(Immigration and Asylum Chamber) Appeal Number: PA/09220/2019 (P)
THE IMMIGRATION ACTS
Decision under Rule 34
Decision & Reasons Promulgated
Without a hearing, 29th May 2020
On 2nd June 2020
UPPER TRIBUNAL JUDGE COKER
(anonymity order made)
SECRETARY OF STATE FOR THE HOME DEPARTMENT
DECISION AND REASONS (P)
Pursuant to Rule 14 of the Tribunal Procedure (Upper Tribunal) Rules 2008 (SI 2008/269) I make an anonymity order. Unless the Upper Tribunal or a Court directs otherwise, no report of these proceedings or any form of publication thereof shall directly or indirectly identify the appellant in this determination identified as HJJ. This direction applies to, amongst others, all parties. Any failure to comply with this direction could give rise to contempt of court proceedings
1. FtT Judge O R Williams dismissed HJJ's appeal against the refusal of his international protection and human rights claim for reasons set out in a decision promulgated on 29th January 2020. He allowed the appeal on humanitarian protections grounds. Permission to appeal was granted by FtT judge Chohan on 10th March 2020. Directions for the further conduct of the appeal were sent on 28th April 2020 and, in the circumstances surrounding COVID 19, provision was made for the question of whether there was an error of law and if so whether the decision of the FtT Judge should be set aside to be determined on the papers.
2. The appellant made no further submissions either with regard to the grounds upon which permission to appeal had been sought or on whether or not the issues could be decided on the papers; the respondent filed written submissions dated 14th May 2020 and expressed no strong view on the future conduct of the appeal. The respondent did not seek permission to appeal the findings of the FtT judge on humanitarian protection grounds. The appellant was, on the date of the making of this decision, aware of the respondent's position but has not chosen to respond. No application to extend time to respond to the respondent's submissions has been made. The respondent did not file a Rule 24 response.
3. I am satisfied that the submissions made on behalf of the respondent together with the papers before me are sufficient to enable me to be able to take a decision on whether there is an error of law in the decision of the FtT and if so whether the decision should be set aside, on the papers and without hearing oral submissions.
4. The appellant, whose previous claim for international protection was refused and dismissed for reasons set out in a decision dated 26th January 2011, claimed protection on the grounds, in essence, that he sought humanitarian protection only, that he was unable to obtain a CSID card and had no one who was able to help him obtain one and that as a Kurd from Kirkuk he would be targeted as a Sunni Muslim Kurd if returned to Baghdad and he would be at risk in Kirkuk (as summarised in paragraphs 14-17 of the FtT decision).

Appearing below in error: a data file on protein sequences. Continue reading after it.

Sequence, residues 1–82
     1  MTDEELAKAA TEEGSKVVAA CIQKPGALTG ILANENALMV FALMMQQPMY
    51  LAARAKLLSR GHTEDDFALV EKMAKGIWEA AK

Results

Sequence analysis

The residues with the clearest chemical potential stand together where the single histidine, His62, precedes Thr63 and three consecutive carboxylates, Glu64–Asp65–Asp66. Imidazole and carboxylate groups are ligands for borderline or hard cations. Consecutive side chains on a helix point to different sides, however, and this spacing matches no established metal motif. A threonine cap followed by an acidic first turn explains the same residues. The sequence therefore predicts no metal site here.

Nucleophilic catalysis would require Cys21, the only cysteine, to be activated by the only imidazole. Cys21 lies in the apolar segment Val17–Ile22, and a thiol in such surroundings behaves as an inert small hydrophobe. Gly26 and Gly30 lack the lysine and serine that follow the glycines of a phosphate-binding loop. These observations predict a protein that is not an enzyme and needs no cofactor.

5. The FtT Judge found, inter alia,
(a) The appellant is not in contact with his family, most probably because of the passage of time and the effect of fighting in the appellant's home area;
(b) It is reasonably likely the appellant's home area of Kirkuk is a contested region and a return there would constitute a breach of Article 15(c) Qualification Directive;
(c) There is no prospect of the appellant being issued with a CSID whilst he is in the UK and it is reasonably likely he will not be able to secure a CSID in Baghdad;
(d) The appellant is likely to face destitution, and this will amount to a breach of Article 3;
(e) It would be unduly harsh for the appellant to relocate to the IKR.
6. The FtT judge dismissed the appeal on refugee grounds, allowed the appeal under Article 15(c) Qualification Directive, stated the respondent's decision was not a breach of s6 Human Rights Act 1998 and stated the appellant will be at risk on return.
Error of law
7. The appellant did not seek, in his grounds seeking permission to appeal, to challenge the FtT judge's summary of the basis of claim. Nor did he challenge the reference in the decision to the appellant not seeking protection under the Refugee Convention on the basis of "risk from the Obedi tribe and the claim was in relation to Humanitarian Protection only" ( FtT decision).
8. The appellant sought permission to appeal on two grounds: